Our Adinkra

West African Math Teaching Tool Oware or Mancala Board Game

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SKU: 368261
Nine adinkra symbols that convey West Africa's collective wisdom adorn the lid of this intriguing game of oware. It opens to reveal the playing field of twelve depressions. Oware is a game of skill and strategy designed for two players, challenging mental agility and alertness. The objective can be briefly described as 'counting and capturing beads' and there are no chance factors involved. A player's strategy entirely depends upon reasoning and counting abilities. Because of this, aware has been used successfully throughout Africa for teaching children basic numbers and arithmetic.

Oware is one of the oldest games in the world. The earliest records describing the game were found in Arab religious texts dating to the Middle Ages, suggesting the game originated in the Middle East and spread from there to Africa, then to Asia with Arab traders, and to the Caribbean around 1640 via the African slave trade. Other experts place its origins in Central Africa; the Masai people state that oware was invented by Sindillo, the son of the first man, Maitoumbe, and was originally called geshe.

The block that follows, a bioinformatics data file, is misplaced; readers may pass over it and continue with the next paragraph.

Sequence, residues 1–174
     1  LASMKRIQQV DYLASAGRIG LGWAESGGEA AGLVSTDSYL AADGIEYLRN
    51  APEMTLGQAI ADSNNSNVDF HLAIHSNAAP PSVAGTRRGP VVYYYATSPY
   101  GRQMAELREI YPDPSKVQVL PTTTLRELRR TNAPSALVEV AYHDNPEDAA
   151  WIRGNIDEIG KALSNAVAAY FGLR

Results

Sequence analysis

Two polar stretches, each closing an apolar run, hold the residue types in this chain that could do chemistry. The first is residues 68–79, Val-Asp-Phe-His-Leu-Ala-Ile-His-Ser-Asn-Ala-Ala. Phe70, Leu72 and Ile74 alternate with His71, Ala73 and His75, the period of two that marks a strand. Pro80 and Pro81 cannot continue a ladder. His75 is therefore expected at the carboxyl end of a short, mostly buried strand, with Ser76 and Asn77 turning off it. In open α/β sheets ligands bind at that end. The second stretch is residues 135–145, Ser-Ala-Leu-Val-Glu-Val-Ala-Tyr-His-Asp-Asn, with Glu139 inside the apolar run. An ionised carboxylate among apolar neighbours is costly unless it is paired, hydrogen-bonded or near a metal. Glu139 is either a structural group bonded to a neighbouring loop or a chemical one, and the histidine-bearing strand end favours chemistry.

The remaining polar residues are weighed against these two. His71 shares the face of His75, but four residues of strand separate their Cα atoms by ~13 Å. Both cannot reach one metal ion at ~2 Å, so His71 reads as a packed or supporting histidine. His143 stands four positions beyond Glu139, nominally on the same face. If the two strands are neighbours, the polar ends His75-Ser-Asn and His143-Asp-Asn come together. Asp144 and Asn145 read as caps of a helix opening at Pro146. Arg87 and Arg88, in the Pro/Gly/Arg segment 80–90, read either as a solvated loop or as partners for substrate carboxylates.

In Arab countries, the most common name for this game is mancala, an Arabic word meaning 'to move.' In some West African countries the depressions in the board are referred to as warri or wwari, which means 'houses,' thus the name owari. In Nigeria it is known as adi, which is also the name of the seeds used to play it; and in South Africa it is called ohoro. With different and exotic names such as congklak, dakon, aggalacang, and nogarata, it has also been played in Asia long before the Portuguese rounded the southern tip of Africa.

Today, oware represents the diversity of Africa, as some version of it is played in nearly every country on the continent. Legend relates that Shyaam aMbul aNgoong, founder of the Kuba kingdom of Central Africa, taught the game to his people to encourage foresight and calculation.

The set includes 42 beads and a detailed playing manual.
  • Cedrillo wood, recycled plastic beads
  • 1.16 lbs
  • 2.4 inches H x 18.5 inches W x 3.5 inches D
  • Made in Ghana

Meet the Artist

Kofi Tall Agudoawu